Why women are losing the retirement savings game

Planning young: a retirement roadmap
Planning young: a retirement roadmap

When it comes to putting money away for retirement, women outmatch men:

They are more diligent savers and more likely to put a bigger percentage of their paycheck into a savings plan.

But when it comes to the final savings tally, women are falling far behind.

According to a Vanguard analysis of more than 1 million 401(k) savers, women are 10% more likely to enroll in their workplace savings plan and save a bigger chunk of their paychecks.

Yet Vanguard's analysis found that female savers have an average balance of $78,000 -- far below the male average balance of $121,000.

What gives?

You can blame some of it on the wage gap, says Jean Young, a Vanguard senior research analyst.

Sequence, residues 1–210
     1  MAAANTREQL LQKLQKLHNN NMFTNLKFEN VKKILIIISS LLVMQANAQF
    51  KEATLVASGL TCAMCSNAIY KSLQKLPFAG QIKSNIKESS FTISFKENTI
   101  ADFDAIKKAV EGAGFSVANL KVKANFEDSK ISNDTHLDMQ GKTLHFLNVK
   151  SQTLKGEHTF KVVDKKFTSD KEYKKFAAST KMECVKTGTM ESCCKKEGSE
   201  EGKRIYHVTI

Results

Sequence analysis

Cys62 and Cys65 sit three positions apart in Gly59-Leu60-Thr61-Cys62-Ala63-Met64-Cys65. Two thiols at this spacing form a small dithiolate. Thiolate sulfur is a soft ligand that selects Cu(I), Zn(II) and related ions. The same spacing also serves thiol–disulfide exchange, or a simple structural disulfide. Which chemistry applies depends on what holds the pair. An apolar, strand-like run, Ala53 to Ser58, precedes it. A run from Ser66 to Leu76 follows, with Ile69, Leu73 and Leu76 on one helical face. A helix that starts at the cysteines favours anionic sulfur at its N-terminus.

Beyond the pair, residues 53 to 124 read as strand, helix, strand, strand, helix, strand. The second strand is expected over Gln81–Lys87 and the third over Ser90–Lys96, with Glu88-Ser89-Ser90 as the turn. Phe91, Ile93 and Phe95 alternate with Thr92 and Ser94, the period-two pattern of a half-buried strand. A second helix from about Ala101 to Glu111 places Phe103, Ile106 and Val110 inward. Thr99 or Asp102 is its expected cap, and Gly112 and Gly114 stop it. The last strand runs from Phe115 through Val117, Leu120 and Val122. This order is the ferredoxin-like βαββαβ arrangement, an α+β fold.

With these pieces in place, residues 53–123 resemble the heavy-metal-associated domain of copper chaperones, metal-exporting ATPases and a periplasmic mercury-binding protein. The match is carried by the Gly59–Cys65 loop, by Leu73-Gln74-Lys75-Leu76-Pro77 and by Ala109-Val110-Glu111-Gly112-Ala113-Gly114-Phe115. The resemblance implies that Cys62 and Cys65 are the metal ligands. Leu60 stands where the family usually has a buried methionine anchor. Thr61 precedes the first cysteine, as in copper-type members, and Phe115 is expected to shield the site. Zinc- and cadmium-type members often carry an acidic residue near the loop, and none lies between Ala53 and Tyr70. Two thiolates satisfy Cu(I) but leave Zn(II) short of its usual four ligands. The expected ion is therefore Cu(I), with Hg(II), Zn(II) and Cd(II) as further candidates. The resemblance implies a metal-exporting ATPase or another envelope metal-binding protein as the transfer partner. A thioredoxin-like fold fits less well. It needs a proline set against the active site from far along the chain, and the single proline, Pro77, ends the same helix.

Overall, men in the survey earned an average of 40% more than women.

When Vanguard compared men and women of comparable incomes, women tended to have similar average savings to their male counterparts in most income brackets.

But a big disparity appeared among the highest earners, where there were far more male workers bringing in much higher income, explained Young.

"Put simply, wages help determine how much people save," she wrote recently.

chart wage gap

But there are other factors at play as well. On average, women work 12 years less than men do over the course of their careers, according to the AARP Public Policy Institute.

A major reason: Women are more likely to take time off work to raise kids or to care for a sick spouse or aging parents.

In addition, Young cautioned that 401(k) balances only provide part of a worker's overall retirement picture since savers often have multiple retirement accounts and may have a spouse's savings as well.

Will you have enough to retire?

Retired women: 'How I'm getting by'